Coating mould components (like ejector guide elements, cores, lifts and cavities) increases the lifespan of moulds while reducing maintenance and running costs.
The moulds used to create plastic parts ranging from water bottles to automobile bumpers are the most critical – and expensive – part of the injection moulding process.
In some cases, a single mould can cost hundreds of thousands of dollars, not including the ongoing maintenance and running costs.
Injection moulders are turning to a variety of coatings to protect their investment and reduce maintenance and running costs. These coatings, applied to mould cavities as well as moving, sliding components within the mould, come in a variety of styles from carbon-based coatings, PVD & PACVD deposition to nitriding techniques that share one overriding goal: to harden the surface of the steel to protect it against all manner of abuse.
Oerlikon Balzers’ prodyct range includes carbon-based coatings such as Balinit C, Balinit Triton or Balinit Dylyn, which are thin (approximately 2-3 microns) and provide extremely hard layers to the surface of components and cavities.
“These coatings are applied for the simple fact that steel alone is not hard enough to protect these expensive moulds and ensure optimal uptime and productivity,” explained Thomas Vermland, Global Application Manager for Oerlikon Balzers, a company that has been producing specialised PVD coatings for components and tools for more than 30 years.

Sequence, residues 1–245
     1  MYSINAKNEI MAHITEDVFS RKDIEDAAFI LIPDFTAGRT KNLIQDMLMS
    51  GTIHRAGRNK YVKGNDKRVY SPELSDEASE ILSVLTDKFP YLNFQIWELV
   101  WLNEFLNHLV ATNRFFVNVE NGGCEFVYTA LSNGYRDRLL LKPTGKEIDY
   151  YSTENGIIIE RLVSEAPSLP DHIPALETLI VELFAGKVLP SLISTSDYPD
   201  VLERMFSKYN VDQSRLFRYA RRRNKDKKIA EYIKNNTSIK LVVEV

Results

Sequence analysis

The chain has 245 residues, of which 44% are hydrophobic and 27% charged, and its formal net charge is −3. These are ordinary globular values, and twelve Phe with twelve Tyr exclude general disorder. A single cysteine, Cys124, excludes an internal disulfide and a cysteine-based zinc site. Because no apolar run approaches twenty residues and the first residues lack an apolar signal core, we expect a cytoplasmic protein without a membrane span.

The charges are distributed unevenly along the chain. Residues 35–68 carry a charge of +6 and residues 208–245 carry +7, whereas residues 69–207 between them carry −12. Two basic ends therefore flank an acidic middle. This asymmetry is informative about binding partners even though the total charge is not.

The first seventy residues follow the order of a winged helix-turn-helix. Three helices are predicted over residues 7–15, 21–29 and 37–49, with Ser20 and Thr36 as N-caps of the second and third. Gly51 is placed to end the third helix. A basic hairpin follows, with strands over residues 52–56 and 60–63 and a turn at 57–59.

In the automotive industry, manufacturers are placing greater emphasis on design and weight reduction. Subsequently, automotive designers are increasingly using glass fibers as reinforcements in many parts, including automobile bumpers. As a result, automobile bumpers are constructed using less material than before.
“Inside the mould there is more pressure and higher temperatures being used to inject the plastic by a factor 2-4 times higher than in the past,” explained Vermland.
Vermland said Oerlikon Balzers’ Balinit Primeform diffusion treatment increases injection mould surface hardness up to 1400 HV.
This makes the moulds significantly more robust (including versus long glass fibers) and reduces residue build-up, spalling and edge embrittlement.
“We can take the entire bumper mould and place it in the machine and treat it in one operation,” said Vermland.
“With the diffusion treatment process we can take a base steel and harden the first hundred microns of the surface to Rockwell hardness well above 65.
“The rest of the steel remains unaffected.”
With the surface now harder than that of the glass fibers and any additives, repairs and re-polishing are reduced as much as 80%, according to some customer experiences.